Welcome to the World Football League Website

WFL Newspaper Archives

New York Times, April 17, 1975

WFL Is Replaced By 'NEW' WFL

By William N. Wallace

The World Football League will attempt a second season, starting in late July, with 10 teams, eight of them under new ownership and all of them newly capitalized. Chris Hemmeter, the 35-year old businessman from Honolulu who has been the architect of the reorganization over the last four months, announced the plans here yesterday for the league, which included its first season almost $10 million in debt.

The orchestration of Hemmeter's theme included the title "the NEW World Football League," and such words as "credible, prudent, responsible and conservative."

Teams will be located in Philadelphia, Chicago, Memphis, Honolulu, Birmingham, Alabama, Anaheim, California, Jacksonville, Florida, Shreveport, Louisiana, Charlotte, North Carolina and San Antonio, Texas.

All but the last city had a WFL team last year when the league began with 12 franchises and concluded with nine. Those failing to finish the season were the Chicago Fire, the Detroit Wheels and the Jacksonville Sharks. Of this year's 10 franchises, only Memphis and Philadelphia will retain last year's ownership.

These were highlights of the Hemmeter presentation:

Joe Namath has indeed been offered $4 million to join the Chicago team whose ownership, headed by Eugene Pullano, is based on such an acquisition. Should the Namath enticement fail and Pullano pull out, others would take over in Chicago where last year's owner, Tom Origer, lost a reported $1 million.

Larry Csonka, Paul Warfield and Jim Kiick, the most celebrated of the athletes attracted from the established National Football League, will definitely play for the Memphis team owned by John Bassett of Toronto, who signed them to personal-service contracts. They were present at yesterday's news conference.

The new operating procedures, called The Hemmeter Plan, call for all but the highest priced players like Csonka, or Calvin Hill of Honolulu, to share the net income with their team owners. If there is no income they will receive the minimum salary, $500 a game for 20 games. The concept of profit-sharing is highly unusual for pro sports and one which the players according to WFL sources will accept.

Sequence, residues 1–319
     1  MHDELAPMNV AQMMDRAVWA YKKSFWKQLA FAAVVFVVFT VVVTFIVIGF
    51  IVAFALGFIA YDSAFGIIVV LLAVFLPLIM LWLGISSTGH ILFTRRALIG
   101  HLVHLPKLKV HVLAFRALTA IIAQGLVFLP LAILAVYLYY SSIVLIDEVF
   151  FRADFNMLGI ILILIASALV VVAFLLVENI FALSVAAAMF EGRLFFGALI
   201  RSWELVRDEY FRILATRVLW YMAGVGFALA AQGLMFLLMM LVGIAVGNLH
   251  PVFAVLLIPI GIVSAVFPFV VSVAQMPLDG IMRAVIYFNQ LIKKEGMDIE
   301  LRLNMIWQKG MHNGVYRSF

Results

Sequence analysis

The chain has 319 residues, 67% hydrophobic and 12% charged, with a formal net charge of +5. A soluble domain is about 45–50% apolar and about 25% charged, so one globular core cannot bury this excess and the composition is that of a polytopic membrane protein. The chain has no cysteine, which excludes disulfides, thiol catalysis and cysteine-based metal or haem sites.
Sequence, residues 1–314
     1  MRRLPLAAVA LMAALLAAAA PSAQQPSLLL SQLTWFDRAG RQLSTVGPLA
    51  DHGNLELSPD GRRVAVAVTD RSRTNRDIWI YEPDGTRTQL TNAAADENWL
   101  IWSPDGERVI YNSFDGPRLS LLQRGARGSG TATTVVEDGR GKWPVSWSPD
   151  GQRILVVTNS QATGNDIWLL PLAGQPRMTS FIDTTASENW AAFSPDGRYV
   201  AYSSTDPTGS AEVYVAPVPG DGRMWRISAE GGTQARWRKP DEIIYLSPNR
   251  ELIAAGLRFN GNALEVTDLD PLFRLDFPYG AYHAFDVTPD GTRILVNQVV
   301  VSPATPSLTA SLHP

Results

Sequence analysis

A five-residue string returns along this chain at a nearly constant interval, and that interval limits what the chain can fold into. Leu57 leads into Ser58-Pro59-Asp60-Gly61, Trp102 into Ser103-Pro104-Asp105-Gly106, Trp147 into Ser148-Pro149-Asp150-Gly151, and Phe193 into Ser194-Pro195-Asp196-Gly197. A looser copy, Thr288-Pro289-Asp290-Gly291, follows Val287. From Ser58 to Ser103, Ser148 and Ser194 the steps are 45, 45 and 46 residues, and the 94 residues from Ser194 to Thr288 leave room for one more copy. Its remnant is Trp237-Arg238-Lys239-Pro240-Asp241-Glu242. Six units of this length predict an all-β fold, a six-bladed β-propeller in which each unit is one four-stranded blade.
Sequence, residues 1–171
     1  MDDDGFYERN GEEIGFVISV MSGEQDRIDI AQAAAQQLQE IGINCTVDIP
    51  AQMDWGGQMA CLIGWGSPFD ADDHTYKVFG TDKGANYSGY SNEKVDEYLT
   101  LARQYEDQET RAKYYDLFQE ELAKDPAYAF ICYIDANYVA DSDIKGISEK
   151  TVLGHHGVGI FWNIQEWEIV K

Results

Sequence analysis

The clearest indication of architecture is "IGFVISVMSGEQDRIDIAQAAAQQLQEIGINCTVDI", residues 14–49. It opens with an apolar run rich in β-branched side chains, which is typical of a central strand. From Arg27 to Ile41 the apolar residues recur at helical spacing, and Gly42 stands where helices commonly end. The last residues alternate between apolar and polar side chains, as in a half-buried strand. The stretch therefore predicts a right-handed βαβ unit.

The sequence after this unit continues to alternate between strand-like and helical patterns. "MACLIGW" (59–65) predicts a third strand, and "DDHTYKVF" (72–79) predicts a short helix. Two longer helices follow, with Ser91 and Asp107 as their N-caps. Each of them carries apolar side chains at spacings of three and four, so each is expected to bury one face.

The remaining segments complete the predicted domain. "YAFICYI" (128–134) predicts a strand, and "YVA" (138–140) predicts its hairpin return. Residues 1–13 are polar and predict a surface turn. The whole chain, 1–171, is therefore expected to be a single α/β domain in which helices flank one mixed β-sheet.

All past debts will be paid, Hemmeter said, including back salary to players, Internal Revenue Service obligations and such items as refunds to season ticket-holders of the New York Stars, a team that moved to Charlotte in midseason.

The specific known debt for last season's disaster came to $1.2 million for league headquarters; $6.2 million for holdover franchises and an estimated $2.6 million for such bankrupt operations as the Wheels, the Sharks, the Florida Blazers and the Birmingham Americans.

New owing groups were required to put up from $600,000 to $1.5 million in fresh capital depending upon holdover debt. The break even cost of a franchise for the coming season will be based upon attracting crowds averaging 14,000 at $7 a ticket. Operating cost are estimated at $650,000 or about one-third of that for WFL teams last year and about one-sixth of that for NFL teams.

Games will be played on Saturday nights and Sundays, with possibly one nationally televised game each Thursday night. This means most of the games will be competing with college and high school football on Saturdays and NFL television on Sundays. League headquarters will be moved from Newport Beach, California to New York and Hemmeter will be president.

The WFL is not counting upon television income as a major source of revenue. It is hoped television can produce $100,000 for each team, against $75,000 last season, money that never reached team levels as it was used, for example, to pay player salaries of the busted Florida Blazers. Television income for NFL teams is $2.2 million.

A franchise for New York is "essential" and the league hopes to have one here by 1976.

"When I started this reorganization," said Hemmeter, a minor investor in the Honolulu team last year, "I didn't feel secure. Now I do."

Csonka added, "I think the league will hold out. I just hope my knees do."

The team leaders, most of them businessman recruited by Hemmeter and the league counsel, Don Regan, are Hawaii, Edward D. Sultan Jr.; Southern California, Sam Battistone; Shreveport, John Atkins Jr.; San Antonio, Norm Bevan; Birmingham, Fred Weil; Chicago, Eugene Pullano; Philadelphia, John Bosacco; Memphis, John Bassett Jr.; Jacksonville, Earl Knabb, and Charlotte, Upton Bell.